One of the first decisions of the Conservative government elected in June 1970 was to resume arms sales to South Africa. Campaigning against arms sales became the AAM’s top priority. This leaflet advertised an AAM demonstration on 25 October. 10,000 people marched up Whitehall to Trafalgar Square, led by a model of a Buccaneer bomber. Demonstrators also besieged the office of aircraft manufacturer Hawker Siddeley, where several were arrested.

 
pic8410. UDF leader in London

At a meeting at the Africa Centre in London on 24 May, United Democratic Front (UDF) leader Mohammed Valli Moosa brought greetings from the UDF to the AAM. He said the UDF opposed President P W Botha’s forthcoming trip to Britain in June. Valli Moosa’s visit was the start of close cooperation between the AAM and the UDF in the 1980s.

 
bom05. For and against the boycott, July 1959
 
Correspondence in a north London newspaper, the Finchley Press, 24 and 31 July 1959. Like the writer of one of these letters, opponents of the boycott often argued that it would hurt black workers. The Boycott Movement countered this by publicising an appeal for a boycott from ANC President Chief Albert Luthuli and other anti-apartheid leaders within South Africa.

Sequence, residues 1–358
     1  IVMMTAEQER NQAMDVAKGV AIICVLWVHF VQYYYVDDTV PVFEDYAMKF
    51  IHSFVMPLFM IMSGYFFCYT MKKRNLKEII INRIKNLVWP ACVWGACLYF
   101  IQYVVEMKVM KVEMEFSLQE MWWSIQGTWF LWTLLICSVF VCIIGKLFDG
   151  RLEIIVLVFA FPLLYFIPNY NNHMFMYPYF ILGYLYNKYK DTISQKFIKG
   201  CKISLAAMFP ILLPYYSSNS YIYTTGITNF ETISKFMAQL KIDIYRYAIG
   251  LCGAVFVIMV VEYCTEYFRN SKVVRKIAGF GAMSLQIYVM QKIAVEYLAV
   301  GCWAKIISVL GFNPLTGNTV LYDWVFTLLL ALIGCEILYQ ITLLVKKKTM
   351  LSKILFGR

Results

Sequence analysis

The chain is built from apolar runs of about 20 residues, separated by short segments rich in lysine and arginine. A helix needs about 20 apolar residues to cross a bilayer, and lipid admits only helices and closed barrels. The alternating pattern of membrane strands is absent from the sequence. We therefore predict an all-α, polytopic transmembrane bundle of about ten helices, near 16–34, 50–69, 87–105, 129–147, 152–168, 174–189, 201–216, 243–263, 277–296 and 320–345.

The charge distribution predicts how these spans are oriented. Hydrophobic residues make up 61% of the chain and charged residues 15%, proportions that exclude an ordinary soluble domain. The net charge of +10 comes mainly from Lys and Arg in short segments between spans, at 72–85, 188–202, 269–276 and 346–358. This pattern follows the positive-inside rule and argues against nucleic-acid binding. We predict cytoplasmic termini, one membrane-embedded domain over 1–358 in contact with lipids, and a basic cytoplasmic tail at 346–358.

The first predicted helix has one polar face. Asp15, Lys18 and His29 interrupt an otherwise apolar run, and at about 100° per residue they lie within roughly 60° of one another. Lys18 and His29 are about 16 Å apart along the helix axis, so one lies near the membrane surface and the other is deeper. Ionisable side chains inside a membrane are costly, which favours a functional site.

pic9105. ‘Vote for Democracy’ campaign

The AAM launched its ‘Vote for Democracy’ campaign at the TUC Congress in Glasgow in September 1991. The campaign called for ‘one person one vote’ in response to the National Party’s constitutional proposals, which gave special voting rights to the white minority. In the photograph are AAM President Trevor Huddleston and railway workers’ union leader Jimmy Knapp.

 
gov17. Letter from the Anti-Apartheid Movement to Margaret Thatcher

Letter to Prime Minister Margaret Thatcher calling on the British government to support UN mandatory economic sanctions against South Africa in response to South Africa’s invasion of Angola in 1981.

 
zim03. ‘March behind the student banner’